Researchers are still gathering details and data regarding Muna-Buton macaques. What we do know is they are active during the day and rest during the night, otherwise known as being diurnal. They are quadrupedal and typically spend equal time arboreally and terrestrially—however, in areas close to human settlements, they have been reported to spend more time on the ground. Opportunities for scavenging snacks may be the reason this behavior shifts.

Fun Facts

Sulawesi macaques have incredibly short tails! Roughly an inch in size, some people mistake these monkeys for apes.

Daily Life and Group Dynamics

Muna-Buton macaques are constantly on the move. Driven primarily by finding their next tasty meal, they spend 43% of their time clambering about and moving between feeding sites. Once they have found an opportunity or appealing menu selection, they will hunker down and feed, followed by either grooming or resting before they stir again for their next meal. Feeding takes up 21% of their day, grooming 10.5%, and resting 17%. Groups that forage agricultural sites move around less and rest more—extensive travel isn’t needed when you aren’t foraging to find your next meal. Their leisure and downtime take up 32–38% of their day. Life is easier when you have access to your local farmer’s market—even as an unwanted customer!

Group dynamics are steered by a relaxed matrilineal system (based on kinship with the mother or female line) of dominance. Anywhere from 20-36 individuals can live together and are referred to as a troop. They have one alpha male and overall, are considered a tolerant species.


Vocalizations appear to dominate the Muna-Buton macaque communication system. Males and females have unique alarm calls, barks, and screams. Coos, whines, and squeaks are common in babies and young.

Agonistic (aggressive) screams are emitted by both males and females, which almost always trigger a physical, locomotive response by other troop members. Described as a loud whoop, it is the Muna-Buton macaque’s most distinctive call. In males, only the alpha emits this call—being the highest pitch of their vocal repertoire and traveling the furthest—typically used when sighting danger or another troop.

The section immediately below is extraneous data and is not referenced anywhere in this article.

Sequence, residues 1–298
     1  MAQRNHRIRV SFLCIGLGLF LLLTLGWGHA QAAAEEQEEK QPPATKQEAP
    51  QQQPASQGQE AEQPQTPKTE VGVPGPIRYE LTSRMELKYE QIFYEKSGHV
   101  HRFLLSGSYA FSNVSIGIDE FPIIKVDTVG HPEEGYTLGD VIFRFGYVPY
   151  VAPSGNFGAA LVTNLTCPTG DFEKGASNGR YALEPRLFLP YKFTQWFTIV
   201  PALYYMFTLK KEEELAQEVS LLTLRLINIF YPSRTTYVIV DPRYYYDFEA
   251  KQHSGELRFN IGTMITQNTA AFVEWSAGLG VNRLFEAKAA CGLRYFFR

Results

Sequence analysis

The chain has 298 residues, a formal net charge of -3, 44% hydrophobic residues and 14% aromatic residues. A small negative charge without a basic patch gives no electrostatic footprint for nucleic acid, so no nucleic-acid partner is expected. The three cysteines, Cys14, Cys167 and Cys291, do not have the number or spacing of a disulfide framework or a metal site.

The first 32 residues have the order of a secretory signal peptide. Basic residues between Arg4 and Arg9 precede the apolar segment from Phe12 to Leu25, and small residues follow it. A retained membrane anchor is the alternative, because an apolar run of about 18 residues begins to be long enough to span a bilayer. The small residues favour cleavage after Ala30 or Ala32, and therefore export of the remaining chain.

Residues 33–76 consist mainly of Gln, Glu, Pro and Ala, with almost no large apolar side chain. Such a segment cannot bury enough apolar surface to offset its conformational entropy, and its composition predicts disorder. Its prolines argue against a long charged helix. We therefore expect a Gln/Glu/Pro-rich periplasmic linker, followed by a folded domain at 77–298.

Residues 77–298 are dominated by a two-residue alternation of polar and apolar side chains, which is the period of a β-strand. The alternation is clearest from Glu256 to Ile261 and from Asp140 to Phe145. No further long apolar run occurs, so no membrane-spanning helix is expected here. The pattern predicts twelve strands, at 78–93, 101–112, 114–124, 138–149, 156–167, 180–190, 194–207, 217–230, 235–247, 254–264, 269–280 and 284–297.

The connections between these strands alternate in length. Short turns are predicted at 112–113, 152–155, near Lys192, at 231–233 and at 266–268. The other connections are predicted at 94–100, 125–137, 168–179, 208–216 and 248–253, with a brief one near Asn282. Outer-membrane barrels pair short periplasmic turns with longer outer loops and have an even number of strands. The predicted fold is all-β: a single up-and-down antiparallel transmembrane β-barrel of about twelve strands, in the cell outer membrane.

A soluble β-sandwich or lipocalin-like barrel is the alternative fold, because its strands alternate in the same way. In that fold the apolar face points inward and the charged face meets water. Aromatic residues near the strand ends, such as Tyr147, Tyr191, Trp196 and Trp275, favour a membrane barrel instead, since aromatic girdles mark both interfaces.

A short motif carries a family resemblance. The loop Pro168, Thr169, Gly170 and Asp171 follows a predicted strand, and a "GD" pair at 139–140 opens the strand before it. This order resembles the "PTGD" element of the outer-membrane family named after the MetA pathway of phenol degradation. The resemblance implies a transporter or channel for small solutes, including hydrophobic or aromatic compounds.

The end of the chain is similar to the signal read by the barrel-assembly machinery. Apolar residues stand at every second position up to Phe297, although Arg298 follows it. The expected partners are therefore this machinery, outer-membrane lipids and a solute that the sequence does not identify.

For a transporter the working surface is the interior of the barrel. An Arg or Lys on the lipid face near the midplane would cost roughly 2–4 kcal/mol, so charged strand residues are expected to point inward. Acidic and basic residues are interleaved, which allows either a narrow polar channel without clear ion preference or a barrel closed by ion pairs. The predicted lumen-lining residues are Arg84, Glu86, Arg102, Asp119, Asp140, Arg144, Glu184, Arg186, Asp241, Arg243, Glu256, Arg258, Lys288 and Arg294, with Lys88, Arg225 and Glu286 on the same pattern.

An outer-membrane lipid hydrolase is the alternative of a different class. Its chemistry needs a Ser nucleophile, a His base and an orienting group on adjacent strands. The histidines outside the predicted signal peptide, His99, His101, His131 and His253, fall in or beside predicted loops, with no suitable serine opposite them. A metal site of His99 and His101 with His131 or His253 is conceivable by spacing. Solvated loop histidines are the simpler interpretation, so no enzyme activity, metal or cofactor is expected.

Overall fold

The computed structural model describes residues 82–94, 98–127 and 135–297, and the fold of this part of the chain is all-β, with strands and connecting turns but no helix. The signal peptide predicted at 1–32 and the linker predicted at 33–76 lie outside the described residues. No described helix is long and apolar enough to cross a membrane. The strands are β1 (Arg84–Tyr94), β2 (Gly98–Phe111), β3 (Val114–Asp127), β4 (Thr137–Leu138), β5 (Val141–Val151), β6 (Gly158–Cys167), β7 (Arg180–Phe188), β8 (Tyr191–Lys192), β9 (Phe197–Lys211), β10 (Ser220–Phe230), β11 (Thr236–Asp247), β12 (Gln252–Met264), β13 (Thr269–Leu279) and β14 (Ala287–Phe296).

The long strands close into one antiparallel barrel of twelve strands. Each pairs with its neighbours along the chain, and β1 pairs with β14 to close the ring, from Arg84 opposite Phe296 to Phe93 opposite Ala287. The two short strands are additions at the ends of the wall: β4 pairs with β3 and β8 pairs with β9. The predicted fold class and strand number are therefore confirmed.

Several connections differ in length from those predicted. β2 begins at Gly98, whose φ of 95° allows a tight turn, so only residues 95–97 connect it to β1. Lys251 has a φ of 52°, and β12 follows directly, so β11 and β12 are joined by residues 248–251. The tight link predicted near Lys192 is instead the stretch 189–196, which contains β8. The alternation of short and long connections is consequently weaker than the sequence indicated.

Females use interval screams as their alarm calls. The calls grow longer as the sequence increases in length. This is also a loud woop and their highest pitch. Compared to males, however, it lasts longer and travels farther. Additionally, it may also be used to coordinate groups.

When peeved by another individual, Muna-Buton macaques will tell them to back off using an aggressive bark. Depending on the level of annoyance, anger, or warning, barks become throatier—almost sounding like a cough. This can mean anything from “back away from my food,” “you’re too close to me,” or  “I don’t want to play.” Roughness and fights may break out, and coughing intervals decrease during this time but still emerge amidst the scuffle.

Babies have a very simple distress call: a long, high-pitched squeak. This lets others know that they need attention, or their family has veered too far away for their liking.

In daily life, primary vocalizations are made up of “coo calls.” Frequently used, they are low, soft, short barks used for troop cohesion or to alert others that the group has spread too thin and needs to be reunited.